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100 register for clinical trials of Covid vaccine; 3 to receive doses

July 17, 2020 07:23 AM


100 register for clinical trials of Covid vaccine; 3 to receive doses
PGIMS-ROHTAK : 22 volunteers screened; 3 to receive doses by weekend; trials may not be over by Aug 15

Prayag Arora-Desai

Gurugram : In the 10 days since PGIMS-Rohtak began enrolling subjects for clinical trials of Covaxin —the indigenous Covid-19 vaccine — close to 100 individuals from Haryana have registered to be a part of the study.

Officials at PGIMS Rohtak — one of at least 12 locations in the country selected to execute clinical trials of the indigenous vaccine — said 22 of these volunteers have already been screened for their medical history, and that at least three of them will receive a dose of the experimental vaccine by the weekend or early next week.

Covaxin is an indigenous Covid-19 vaccine, which is being developed by Bharat Biotech and the ICMR’s National Institute of Virology, Pune. It is one of the two Indian vaccine candidates that have received the Drug Controller General of India’s nod to proceed with the Phase-1 and Phase-2 human clinical trials. In Rohtak, the sample size for Phase-1 trials is expected to around 8 to 10 people, officials said.

Dr Dhruv Chaudhary, who is a part of a three-member team leading the clinical trials at PGIMS, Rohtak, said, “The first batch of volunteers have been screened. Eight individuals have undergone rigorous medical scrutiny to check whether or not they have been previously infected with the virus, whether they suffer from any ailments of the liver, lungs, or kidneys, and if they have any history of other infectious diseases. Three of these volunteers, who were found eligible, will receive a dose of the vaccine, possibly by the weekend. Another 14 people were screened on Thursday and their biochemical reports are awaited.”

Chaudhary explained that Phase 1 of human trials will involve a very small sample size, about 50 people from across four sites in the country, namely Delhi, Patna, Hyderabad and Rohtak. These sites have received the nod from the institutional ethics committees to carrying out the trials. “The subjects will be closely monitored for two hours after receiving the first vaccine, and will receive a second dose in two weeks if they do not show any adverse reactions, such as headaches, fever or vomiting,” he said.

Dr Savita Verma, professor at the department of pharmacology at Rohtak PGIMS, and a principal investigator of the study, said, “We are taking all precautions as per the Drugs and Clinical Trials Rules, 2019. We will take two blood samples from the initial subjects, one at the end of 28 days and one at the end of 42 days. If we see a fourfold increase in antibodies after giving the vaccine, only then can we say that the vaccine has immunogenic properties. We will first establish safety of the current and future subjects before progressing to Phase 2 of the trials,” she added.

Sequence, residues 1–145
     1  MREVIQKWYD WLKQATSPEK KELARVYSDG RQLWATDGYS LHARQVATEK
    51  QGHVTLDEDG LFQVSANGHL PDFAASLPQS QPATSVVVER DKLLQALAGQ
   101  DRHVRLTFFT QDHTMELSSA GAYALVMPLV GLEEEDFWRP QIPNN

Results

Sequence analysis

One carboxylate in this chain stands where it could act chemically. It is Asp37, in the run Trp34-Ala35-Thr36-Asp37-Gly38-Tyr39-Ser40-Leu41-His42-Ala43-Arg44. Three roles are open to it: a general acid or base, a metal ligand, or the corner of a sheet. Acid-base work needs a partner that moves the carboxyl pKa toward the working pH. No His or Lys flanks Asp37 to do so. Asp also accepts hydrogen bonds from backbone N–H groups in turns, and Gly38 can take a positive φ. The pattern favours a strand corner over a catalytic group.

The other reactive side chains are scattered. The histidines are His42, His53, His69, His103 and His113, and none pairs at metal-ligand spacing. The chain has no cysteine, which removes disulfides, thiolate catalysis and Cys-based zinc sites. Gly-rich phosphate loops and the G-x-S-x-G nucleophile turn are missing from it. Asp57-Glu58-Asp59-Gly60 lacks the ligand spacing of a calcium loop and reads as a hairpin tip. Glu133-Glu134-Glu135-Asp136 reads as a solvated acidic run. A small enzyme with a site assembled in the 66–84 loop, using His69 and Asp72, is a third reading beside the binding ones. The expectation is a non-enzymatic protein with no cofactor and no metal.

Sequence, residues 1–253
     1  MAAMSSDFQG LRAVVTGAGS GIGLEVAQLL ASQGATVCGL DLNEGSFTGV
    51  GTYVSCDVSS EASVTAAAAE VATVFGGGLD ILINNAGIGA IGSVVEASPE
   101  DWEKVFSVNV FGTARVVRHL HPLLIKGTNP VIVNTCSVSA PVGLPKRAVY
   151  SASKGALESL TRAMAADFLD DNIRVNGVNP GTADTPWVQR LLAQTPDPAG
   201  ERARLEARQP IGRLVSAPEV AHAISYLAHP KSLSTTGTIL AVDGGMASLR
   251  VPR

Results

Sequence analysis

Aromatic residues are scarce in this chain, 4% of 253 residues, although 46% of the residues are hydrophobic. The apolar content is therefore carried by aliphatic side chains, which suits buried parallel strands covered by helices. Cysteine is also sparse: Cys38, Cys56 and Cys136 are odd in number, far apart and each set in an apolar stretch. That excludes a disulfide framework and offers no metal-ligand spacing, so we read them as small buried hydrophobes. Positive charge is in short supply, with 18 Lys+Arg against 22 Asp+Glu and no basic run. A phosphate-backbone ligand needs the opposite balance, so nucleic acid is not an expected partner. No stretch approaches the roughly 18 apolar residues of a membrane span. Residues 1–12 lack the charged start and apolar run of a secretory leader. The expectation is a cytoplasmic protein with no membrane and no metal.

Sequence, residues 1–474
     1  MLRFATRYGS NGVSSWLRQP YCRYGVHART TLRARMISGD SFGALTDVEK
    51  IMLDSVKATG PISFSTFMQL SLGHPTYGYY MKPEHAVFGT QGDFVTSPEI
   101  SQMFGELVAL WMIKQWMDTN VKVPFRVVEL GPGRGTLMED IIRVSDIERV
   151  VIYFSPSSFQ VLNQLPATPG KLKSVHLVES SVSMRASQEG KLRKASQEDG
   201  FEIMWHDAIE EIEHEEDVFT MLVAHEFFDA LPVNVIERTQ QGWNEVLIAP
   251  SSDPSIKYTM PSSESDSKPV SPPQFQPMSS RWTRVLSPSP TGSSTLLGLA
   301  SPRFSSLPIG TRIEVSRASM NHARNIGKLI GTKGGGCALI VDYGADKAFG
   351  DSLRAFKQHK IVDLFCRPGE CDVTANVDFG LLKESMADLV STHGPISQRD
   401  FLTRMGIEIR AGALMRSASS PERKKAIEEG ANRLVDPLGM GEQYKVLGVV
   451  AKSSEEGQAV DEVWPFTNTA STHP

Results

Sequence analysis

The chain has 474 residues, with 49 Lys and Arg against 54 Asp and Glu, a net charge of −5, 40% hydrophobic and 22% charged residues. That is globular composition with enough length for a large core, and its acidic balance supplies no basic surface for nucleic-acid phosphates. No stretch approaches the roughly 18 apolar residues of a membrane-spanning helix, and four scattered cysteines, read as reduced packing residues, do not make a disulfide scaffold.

In the first phase, subjects will be between the ages of 18 to 55, while in Phase-2, they will be between 12 and 60 years of age. For every four people that receives the vaccine, one subject will be given a placebo — in the form of a Japanese encephalitis vaccine. A total of 1,125 subjects are expected to participate in the trials nationally.

Verma also explained that Covaxin is an “inactivated” vaccine, which relies on using samples of the SARS-Cov-2 virus that have been isolated at the National Institute of Virology, Pune. “The vaccines consist of virus particles which have been rendered inactive or are unable to replicate. However, the antigens will give a signal to the immune system to produce immunoglobulins or antibodies. This is different from the other Indian vaccine candidate, which does not contain any attenuated virus particles, and instead only relies on messenger RNA to signal our immune system.”

Verma, Chaudhury, and a third co-investigator, who did not wish to be identified, declined to comment on whether these clinical trials will be completed by August 15. On July 2, ICMR chief Dr Balram Bhargava had instructed the 12 trial sites (including PGIMS Rohtak) to complete all clinical trials by August 15. “These things typically take time. We may be able to provide some preliminary data by then, as some of the subjects should have produced antibodies by August 15,” Verma said.

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